Mark is responsible for developing sales of Serena Software's solutions for managing application development, release management and IT service management in the UK and Ireland with both existing and new customers.
What trends do you see in ALM and its adoption within enterprises for immediate future? How is Serena geared up to address these trends?
We recently undertook a survey at the Gartner AADI Summit that revealed delivering applications faster is the top priority for development for the third straight year due to increasing demand from the business. Release management was cited as a major challenge that needs to be overcome to achieve this.
This problem is one that the DevOps approach tries to solve: bringing the Dev and Ops teams together so they can keep pace with business requirements. Serena offers Serena Release Manager, which is a product dedicated to helping IT release and deliver the right apps at the right time. If you can automate the release management process and keep track of resources, this helps to increase the flow of releases and cut down on problems like downtime or unnecessary rework.
Continuous Delivery and DevOps, how does it really matter to businesses and does it bring quantifiable business benefit?
The number of custom applications that businesses use to differentiate themselves are mushrooming. Requests for changes and development are coming through thick and fast; unsurprisingly, IT is finding it hard to keep up.
Though the Dev and Ops teams share the common goal of providing applications that meet business needs, they both have different priorities when it comes to doing this. Dev wants fast development and deployment, whereas Ops is concerned with application stability and avoiding problems for users. Adopting DevOps principles helps the two teams to work together and overcome challenges caused by conflicting priorities. This helps to deliver the best possible applications for the user and for the business as a whole.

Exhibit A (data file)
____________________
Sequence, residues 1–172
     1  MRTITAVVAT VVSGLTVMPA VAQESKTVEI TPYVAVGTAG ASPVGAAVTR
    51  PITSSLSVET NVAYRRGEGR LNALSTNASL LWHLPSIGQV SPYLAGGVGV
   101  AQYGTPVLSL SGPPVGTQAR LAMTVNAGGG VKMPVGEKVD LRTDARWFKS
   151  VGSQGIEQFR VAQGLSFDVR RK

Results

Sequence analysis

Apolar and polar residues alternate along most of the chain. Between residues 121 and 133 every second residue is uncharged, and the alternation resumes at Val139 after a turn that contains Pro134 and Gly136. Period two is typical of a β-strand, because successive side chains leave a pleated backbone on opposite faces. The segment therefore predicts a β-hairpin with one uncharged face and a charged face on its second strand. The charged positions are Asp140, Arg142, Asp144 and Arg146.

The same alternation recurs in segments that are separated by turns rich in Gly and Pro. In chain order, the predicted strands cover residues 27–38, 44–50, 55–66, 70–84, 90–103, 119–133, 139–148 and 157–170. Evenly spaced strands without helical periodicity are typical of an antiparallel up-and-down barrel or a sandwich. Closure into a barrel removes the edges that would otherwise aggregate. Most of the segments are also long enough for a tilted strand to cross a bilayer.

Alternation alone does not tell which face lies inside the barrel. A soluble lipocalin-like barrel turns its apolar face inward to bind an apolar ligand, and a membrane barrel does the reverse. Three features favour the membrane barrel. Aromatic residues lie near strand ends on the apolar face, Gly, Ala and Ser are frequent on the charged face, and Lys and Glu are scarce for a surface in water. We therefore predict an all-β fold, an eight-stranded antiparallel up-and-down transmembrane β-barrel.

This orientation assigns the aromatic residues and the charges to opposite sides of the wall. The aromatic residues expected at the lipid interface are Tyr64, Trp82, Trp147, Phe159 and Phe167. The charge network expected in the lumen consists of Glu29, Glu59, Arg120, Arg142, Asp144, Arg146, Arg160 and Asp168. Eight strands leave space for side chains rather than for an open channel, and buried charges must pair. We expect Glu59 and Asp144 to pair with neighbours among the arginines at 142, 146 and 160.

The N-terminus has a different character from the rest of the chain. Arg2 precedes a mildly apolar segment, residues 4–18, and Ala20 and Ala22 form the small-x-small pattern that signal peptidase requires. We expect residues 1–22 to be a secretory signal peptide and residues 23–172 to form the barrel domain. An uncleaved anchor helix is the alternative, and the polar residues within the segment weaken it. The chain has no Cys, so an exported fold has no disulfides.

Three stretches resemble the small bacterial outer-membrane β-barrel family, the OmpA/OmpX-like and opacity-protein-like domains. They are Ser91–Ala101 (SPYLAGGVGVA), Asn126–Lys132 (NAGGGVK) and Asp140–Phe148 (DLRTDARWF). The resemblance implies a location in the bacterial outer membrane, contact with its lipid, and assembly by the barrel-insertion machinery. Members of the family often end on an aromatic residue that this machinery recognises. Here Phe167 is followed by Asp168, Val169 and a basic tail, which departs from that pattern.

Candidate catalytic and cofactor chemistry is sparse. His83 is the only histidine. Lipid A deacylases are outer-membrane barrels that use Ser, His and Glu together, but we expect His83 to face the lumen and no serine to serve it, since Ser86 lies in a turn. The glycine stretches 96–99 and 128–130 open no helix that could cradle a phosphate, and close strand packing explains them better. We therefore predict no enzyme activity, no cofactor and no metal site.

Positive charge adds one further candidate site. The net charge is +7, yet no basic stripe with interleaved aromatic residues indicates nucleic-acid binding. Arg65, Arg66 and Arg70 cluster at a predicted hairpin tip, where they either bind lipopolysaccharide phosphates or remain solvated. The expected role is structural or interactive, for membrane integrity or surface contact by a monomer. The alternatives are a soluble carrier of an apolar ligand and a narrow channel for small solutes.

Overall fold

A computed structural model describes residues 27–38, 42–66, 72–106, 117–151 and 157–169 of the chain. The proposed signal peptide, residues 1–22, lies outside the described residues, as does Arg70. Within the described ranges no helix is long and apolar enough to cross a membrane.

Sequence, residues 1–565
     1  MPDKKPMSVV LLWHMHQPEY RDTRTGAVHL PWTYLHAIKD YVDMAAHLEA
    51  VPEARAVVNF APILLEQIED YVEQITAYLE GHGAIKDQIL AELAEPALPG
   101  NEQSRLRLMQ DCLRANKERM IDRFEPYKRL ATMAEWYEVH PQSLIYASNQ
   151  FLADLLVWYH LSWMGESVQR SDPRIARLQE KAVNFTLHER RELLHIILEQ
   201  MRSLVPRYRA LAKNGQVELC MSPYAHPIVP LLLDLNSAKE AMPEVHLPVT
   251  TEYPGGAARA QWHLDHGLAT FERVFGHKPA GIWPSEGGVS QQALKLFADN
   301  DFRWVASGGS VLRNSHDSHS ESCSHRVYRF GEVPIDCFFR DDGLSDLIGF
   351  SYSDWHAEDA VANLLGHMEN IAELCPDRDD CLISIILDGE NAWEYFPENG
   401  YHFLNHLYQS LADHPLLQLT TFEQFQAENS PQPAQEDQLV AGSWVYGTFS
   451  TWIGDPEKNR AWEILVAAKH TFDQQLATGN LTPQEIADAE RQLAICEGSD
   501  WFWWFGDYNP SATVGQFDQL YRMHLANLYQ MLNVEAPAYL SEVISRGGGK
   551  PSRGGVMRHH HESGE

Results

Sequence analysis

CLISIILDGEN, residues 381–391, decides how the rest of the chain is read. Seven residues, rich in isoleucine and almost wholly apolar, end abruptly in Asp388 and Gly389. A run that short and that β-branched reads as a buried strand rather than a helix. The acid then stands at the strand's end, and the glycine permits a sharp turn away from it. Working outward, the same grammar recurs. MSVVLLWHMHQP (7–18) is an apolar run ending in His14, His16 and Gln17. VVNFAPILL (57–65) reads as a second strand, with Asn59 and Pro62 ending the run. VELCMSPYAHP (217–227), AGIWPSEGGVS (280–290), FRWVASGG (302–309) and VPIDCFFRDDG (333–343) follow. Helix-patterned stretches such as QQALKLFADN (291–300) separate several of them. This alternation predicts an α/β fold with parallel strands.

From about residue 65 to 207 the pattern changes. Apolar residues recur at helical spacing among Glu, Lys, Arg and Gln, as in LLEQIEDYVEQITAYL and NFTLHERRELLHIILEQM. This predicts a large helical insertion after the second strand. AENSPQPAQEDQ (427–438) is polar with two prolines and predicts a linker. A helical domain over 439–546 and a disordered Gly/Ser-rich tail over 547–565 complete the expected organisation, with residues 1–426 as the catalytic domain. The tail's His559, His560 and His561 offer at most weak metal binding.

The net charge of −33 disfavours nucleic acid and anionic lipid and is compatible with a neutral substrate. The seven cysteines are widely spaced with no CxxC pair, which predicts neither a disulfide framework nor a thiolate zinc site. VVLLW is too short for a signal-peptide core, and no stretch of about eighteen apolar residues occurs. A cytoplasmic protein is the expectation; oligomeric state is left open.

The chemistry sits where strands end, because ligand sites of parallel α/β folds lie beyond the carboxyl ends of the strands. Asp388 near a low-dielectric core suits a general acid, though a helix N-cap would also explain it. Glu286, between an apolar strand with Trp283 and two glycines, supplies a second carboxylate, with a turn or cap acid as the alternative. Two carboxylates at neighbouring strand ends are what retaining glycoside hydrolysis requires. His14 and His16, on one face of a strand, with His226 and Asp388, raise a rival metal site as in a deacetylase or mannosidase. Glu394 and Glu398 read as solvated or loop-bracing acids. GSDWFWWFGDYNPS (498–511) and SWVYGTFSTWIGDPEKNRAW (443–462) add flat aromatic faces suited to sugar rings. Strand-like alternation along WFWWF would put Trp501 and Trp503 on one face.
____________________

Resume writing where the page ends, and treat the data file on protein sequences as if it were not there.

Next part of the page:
By automating process steps to achieve continuous delivery, businesses can speed up deployment and improve time-to-value. Ultimately this helps reduce costs and increase revenues.
However, these approaches won’t work for all businesses and one size doesn’t fit all. When you look at individual applications within an organisation, continuous delivery might not be the appropriate application delivery methodology. Often, organisations have some applications that require a hand-off from development to operations before deploying changes into production or earlier in the testing cycle, such as into User Acceptance Testing (UAT). For these applications, continuous deployment, which is logically a subset of continuous delivery, is the application delivery methodology of choice. DevOps and continuous delivery both have sound business benefits – but only for the right release. Part of automating this is understanding how far different releases should go through continuous delivery, and where is the right place for teams to collaborate.
There are many products that Serena offers which includes Agile Planner, Demand Manager, Development Manager, Release Manager and more. How is integration architected among the products and to external products?
As we work across the entire software development lifecycle, all of our products are designed to work together, from the IT front office through development and into production. Customers have access to a single Orchestrated IT platform that gives visibility across the different processes. This includes looking at both the development and support sides, so that the IT team can see the whole problem, not just bits of it.
When it comes to external products, customers appreciate that rip-and-replace isn’t always the best answer. They may have a best-of-breed testing product in place, or a heavily customised service desk. Our approach is based on integration with other ALM platforms so that change becomes incremental.
Serena is in a competitive space, so who do you think are your competitors and what sets you apart?